10 Sundance films to entertain, spark family discussion

By Blair Howell

For the Deseret News

Published: Thursday, Jan. 19 2012 1:22 p.m. MST

“The Great Buck Howard” is a quirky charmer.

Buck Howard is a fictional, once-famous magician who was Johnny Carson’s favorite guest. But he’s a belligerent has-been who is struggling to resurrect his career. When a law school dropout pondering his next move learns that a “celebrity performer” is looking for a personal assistant, he thinks he’s found the ideal entry-level position.

Howard may actually have some authentic magic powers up his sleeve. But, as “The Great Buck Howard” shows, the true magic is remembering the power of staying true to yourself even if the world around you has changed.

“‘The Great Buck Howard’ is in love with kitsch, the backwaters of showbiz and true magic. It’s a wee charmer that left me enchanted.” — Owen Gleiberman, Entertainment Weekly

Cautions: Minor sexuality, mild language, drinking and a drug reference.

“Hoop Dreams” (Audience Award Documentary, 1994; PG-13)

Everyone can nurture his own dream, but what does it take to transform wispy intentions into reality?

You don’t need to be a basketball fan to enjoy “Hoop Dreams.” Beginning with their participation in playground games and ending five years later, as they start college, two inner city teens mature into men, still retaining their “Hoop Dreams.” The obstacles they face include drugs, poverty and violence, as well as the usual obstacles that arise in competition.

One of the most popular and critically acclaimed documentaries of all time, “Hoop Dreams” wasn’t nominated for an Oscar, but the public outrage that followed rewrote the Academy’s documentary selection process.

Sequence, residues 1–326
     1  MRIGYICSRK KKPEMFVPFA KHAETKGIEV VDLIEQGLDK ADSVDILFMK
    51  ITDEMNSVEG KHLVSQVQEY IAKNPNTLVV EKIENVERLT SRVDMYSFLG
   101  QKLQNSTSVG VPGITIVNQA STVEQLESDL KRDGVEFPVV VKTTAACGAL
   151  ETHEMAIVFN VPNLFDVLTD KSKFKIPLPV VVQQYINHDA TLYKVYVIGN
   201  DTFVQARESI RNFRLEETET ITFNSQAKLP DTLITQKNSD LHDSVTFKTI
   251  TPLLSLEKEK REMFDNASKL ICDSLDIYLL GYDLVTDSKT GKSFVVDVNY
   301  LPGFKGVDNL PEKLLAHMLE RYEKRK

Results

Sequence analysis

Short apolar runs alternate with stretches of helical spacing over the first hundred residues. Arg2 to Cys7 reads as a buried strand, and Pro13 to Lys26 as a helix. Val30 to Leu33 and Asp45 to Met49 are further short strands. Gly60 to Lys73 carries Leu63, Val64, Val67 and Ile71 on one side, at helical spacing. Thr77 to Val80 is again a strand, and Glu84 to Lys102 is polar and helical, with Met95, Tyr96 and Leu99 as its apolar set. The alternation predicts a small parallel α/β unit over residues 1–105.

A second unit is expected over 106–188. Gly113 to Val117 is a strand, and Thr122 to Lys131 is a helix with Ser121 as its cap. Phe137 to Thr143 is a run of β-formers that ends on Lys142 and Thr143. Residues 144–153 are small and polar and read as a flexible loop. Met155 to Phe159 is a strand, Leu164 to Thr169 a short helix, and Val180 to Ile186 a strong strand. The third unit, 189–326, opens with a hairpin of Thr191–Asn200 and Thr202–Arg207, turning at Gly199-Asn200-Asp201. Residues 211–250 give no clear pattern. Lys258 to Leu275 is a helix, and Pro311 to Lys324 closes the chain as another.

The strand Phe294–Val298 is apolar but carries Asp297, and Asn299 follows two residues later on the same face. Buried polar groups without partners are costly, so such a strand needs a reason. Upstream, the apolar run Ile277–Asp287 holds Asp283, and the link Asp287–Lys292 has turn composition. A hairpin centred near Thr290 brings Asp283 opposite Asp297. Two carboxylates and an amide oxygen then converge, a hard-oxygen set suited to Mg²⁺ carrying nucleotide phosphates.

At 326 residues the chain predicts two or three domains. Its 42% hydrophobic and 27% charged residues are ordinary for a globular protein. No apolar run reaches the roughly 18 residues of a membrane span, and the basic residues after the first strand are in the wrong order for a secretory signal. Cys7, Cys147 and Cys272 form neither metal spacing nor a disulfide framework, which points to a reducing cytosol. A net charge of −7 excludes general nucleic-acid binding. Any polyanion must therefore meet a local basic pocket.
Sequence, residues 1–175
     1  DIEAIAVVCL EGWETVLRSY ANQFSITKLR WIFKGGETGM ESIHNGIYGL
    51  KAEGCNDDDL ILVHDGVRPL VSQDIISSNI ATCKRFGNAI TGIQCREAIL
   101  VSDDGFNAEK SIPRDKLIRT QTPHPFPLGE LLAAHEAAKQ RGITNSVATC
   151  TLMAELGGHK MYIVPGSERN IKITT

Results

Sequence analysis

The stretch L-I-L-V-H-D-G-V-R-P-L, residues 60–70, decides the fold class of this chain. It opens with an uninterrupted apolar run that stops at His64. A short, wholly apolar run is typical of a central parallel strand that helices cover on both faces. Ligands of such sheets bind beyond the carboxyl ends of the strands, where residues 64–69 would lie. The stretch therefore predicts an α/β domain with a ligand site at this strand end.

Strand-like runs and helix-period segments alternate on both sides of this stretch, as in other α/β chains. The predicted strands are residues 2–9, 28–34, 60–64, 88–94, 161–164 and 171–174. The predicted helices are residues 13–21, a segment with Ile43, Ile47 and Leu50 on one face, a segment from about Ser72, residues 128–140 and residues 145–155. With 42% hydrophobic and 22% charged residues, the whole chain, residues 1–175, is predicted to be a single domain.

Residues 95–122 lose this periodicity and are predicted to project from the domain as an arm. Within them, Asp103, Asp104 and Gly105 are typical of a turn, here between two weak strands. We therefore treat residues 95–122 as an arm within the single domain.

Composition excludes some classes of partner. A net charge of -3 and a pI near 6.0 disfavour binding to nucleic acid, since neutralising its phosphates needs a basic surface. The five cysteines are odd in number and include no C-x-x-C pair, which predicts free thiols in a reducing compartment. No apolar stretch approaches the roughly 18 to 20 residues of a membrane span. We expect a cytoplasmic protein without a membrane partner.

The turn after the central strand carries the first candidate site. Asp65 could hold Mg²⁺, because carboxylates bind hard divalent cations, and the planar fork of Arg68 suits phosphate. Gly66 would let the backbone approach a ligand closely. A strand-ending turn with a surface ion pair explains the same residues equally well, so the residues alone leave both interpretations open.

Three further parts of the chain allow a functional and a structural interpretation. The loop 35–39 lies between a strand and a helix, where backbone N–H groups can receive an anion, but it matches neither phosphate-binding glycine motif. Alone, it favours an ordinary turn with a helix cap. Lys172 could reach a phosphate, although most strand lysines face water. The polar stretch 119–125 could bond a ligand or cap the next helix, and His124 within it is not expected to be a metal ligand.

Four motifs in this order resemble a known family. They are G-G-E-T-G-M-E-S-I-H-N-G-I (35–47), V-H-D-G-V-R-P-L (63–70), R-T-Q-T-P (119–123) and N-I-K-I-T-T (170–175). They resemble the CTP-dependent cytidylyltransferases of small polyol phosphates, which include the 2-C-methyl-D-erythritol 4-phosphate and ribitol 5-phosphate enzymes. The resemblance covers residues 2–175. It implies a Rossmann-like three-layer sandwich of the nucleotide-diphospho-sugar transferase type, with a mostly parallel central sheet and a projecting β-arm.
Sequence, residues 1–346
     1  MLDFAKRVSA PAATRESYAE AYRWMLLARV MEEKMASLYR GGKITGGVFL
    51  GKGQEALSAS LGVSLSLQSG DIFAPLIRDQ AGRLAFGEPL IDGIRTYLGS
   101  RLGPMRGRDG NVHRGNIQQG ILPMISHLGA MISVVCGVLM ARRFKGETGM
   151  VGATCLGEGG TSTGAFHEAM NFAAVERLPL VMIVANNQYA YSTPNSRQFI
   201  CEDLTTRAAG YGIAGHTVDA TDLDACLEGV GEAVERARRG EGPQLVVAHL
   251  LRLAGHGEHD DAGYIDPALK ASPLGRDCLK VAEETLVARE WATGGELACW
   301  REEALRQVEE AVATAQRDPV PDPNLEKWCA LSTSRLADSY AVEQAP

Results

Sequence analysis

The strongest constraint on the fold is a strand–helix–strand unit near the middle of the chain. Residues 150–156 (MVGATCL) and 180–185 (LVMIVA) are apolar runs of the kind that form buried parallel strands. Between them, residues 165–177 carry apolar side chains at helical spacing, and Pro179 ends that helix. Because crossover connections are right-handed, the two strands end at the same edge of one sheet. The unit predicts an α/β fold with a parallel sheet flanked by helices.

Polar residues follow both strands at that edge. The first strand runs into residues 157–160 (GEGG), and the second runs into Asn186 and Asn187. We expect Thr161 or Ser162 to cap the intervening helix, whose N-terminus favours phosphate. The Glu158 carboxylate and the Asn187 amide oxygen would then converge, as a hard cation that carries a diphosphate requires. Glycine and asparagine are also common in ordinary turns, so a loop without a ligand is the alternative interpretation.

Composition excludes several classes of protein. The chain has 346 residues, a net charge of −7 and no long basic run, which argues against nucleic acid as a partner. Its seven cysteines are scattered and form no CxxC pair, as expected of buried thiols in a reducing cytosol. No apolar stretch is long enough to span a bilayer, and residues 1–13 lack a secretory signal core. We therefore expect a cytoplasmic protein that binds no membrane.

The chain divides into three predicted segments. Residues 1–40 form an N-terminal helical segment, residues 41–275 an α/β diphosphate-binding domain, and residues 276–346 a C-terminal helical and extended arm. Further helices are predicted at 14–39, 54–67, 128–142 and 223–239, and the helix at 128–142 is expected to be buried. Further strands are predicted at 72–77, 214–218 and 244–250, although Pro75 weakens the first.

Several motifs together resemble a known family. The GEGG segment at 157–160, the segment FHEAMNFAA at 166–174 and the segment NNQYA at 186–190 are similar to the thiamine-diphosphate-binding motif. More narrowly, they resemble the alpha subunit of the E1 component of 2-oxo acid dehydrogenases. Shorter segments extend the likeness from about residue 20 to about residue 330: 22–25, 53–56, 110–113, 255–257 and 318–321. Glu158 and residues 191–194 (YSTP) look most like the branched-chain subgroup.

“A prodigious achievement that conveys the fabric of modern American life, aspirations and incidentally sports in close-up and at length, ‘Hoop Dreams’ is a documentary slam dunk.” — Todd McCathy, Variety

Cautions: Teen sexuality is discussed in terms of its consequences; some strong language; discussion of drug use, always in terms of its consequences.

“My Kid Could Paint That” (2007; PG-13)

Her art was compared to Jackson Pollack’s, and Marla Olmstead sold more than $300,000 worth of paintings. All of a sudden, everybody had to have “a Marla.” And Marla was all of 4 years old. “My Kid Could Paint That” explores the debate over what makes something art, and questions the media’s creation and subsequent destruction of heroes.

“A documentary that brings to the fore questions of youth exploitation, celebrity culture, the ‘con game’ that is modern art and media’s role in the whole tangled mess.” — Roger Moore, Orlando Sentinel

Cautions: Art nudes briefly shown; discussing modern art, a vulgarity is used and flashed in a neon-sign artwork.

“Napoleon Dynamite” (2004; PG)

“Are you guys having a killer time?”

With some sweet moon boots and illegal government ninja moves, Napoleon Dynamite became a new kind of hero — and the largest surprise hit of Sundance. The film also launched BYU alum Jon Heder into stardom. Heder also makes headlines for the films he doesn’t make.

"It's simply about knowing who you are and sticking to what you believe in," he told Time magazine. “Sometimes there's language issues. I'm not interested in sexual content.”

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